During the Cold War Northeastern Europe was a strategic backwater and received relatively little attention in U.S. policy. However, since the end of the Cold War, the region has become an important focal point of U.S. policy. The Clinton administration gave Northeastern Europe high priority and viewed the region as a laboratory for promoting closer regional cooperation and reknitting Europe, both East and West, into a more cohesive economic and political unit. Its policy was also designed to reach out to Russia and to include Russia in regional cooperation arrangements in Northeastern Europe.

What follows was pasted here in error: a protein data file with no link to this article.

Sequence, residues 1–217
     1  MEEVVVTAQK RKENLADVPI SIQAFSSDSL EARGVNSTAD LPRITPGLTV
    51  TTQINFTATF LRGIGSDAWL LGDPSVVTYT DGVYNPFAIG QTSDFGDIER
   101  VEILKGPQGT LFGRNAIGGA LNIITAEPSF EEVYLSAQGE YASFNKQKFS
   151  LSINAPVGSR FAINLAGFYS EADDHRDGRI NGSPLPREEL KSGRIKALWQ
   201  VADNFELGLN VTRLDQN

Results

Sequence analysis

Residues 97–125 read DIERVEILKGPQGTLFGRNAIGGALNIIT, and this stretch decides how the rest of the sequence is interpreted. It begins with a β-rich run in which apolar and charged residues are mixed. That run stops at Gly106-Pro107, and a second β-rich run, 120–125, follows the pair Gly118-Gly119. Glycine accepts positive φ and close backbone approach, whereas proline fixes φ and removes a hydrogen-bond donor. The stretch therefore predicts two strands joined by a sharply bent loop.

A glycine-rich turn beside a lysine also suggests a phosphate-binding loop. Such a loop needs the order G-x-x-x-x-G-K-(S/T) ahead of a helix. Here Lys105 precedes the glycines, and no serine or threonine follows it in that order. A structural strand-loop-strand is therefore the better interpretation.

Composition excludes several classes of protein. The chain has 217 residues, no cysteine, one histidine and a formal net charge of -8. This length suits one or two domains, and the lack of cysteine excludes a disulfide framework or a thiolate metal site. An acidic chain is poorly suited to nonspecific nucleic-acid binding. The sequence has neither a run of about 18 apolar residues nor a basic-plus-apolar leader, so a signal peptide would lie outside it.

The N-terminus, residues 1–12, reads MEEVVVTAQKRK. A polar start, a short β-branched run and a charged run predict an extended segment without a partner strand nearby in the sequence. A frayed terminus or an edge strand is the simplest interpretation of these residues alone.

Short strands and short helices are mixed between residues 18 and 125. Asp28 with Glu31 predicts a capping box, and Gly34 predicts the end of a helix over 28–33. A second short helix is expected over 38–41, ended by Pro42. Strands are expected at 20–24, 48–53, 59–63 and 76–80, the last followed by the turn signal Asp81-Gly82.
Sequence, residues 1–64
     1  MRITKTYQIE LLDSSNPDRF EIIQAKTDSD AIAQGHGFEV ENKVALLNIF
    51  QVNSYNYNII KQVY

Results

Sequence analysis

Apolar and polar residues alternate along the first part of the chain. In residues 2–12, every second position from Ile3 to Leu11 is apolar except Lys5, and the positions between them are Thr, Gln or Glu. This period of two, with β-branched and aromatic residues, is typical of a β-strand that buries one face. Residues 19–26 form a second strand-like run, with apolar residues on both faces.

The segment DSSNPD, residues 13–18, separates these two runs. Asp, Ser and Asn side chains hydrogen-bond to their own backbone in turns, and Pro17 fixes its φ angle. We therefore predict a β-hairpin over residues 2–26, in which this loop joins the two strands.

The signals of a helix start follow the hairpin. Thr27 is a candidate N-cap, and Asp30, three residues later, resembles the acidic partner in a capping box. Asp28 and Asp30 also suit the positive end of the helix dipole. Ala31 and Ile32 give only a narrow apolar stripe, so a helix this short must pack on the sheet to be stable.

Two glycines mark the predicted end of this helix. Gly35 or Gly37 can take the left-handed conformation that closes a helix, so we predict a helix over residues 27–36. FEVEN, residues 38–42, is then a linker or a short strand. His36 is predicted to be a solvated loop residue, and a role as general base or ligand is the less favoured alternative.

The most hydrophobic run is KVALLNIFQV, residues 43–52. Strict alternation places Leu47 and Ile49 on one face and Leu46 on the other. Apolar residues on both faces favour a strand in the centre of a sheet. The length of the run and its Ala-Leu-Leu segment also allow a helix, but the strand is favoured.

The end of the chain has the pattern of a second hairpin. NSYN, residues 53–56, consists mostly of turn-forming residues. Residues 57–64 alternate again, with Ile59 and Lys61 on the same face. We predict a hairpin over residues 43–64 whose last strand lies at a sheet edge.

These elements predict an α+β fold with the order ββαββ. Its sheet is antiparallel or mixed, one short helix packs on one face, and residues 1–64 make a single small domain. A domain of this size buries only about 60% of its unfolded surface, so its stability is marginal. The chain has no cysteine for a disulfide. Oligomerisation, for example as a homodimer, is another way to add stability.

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Special operations play a critical role in how the United States confronts irregular threats, but to have long-term strategic impact, the author argues, numerous shortfalls must be addressed.
The author analyzes the potentially serious consequences, both at home and abroad, of a lightly overseen drone program and makes recommendations for improving its governance.
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A roadmap for the United States' greatest overlooked foreign policy challenge of our time--relations with its southern neighbor. More
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